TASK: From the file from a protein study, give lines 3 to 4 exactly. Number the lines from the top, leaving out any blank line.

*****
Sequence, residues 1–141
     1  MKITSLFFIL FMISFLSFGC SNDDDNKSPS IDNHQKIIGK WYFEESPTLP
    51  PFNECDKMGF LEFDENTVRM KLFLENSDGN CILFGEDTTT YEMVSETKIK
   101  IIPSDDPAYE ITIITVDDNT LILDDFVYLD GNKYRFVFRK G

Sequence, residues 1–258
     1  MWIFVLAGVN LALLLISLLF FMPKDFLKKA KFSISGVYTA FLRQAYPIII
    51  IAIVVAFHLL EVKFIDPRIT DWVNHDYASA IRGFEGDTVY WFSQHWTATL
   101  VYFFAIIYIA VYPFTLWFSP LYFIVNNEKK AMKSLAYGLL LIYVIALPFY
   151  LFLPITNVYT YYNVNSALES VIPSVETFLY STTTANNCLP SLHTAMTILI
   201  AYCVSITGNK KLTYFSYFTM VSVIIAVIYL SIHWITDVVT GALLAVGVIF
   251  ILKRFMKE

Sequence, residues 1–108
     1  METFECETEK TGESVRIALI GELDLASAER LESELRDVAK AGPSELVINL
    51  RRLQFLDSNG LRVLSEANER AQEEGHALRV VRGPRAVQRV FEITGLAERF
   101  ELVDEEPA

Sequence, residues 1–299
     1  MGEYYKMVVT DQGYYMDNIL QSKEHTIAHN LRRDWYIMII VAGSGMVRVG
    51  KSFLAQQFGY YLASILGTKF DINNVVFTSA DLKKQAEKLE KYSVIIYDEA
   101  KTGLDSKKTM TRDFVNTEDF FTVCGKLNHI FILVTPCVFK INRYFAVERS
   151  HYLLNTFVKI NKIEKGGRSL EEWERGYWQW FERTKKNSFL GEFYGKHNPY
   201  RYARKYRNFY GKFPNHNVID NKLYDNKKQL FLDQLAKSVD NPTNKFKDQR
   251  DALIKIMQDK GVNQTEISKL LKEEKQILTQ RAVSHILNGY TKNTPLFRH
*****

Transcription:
    51  PFNECDKMGF LEFDENTVRM KLFLENSDGN CILFGEDTTT YEMVSETKIK
   101  IIPSDDPAYE ITIITVDDNT LILDDFVYLD GNKYRFVFRK G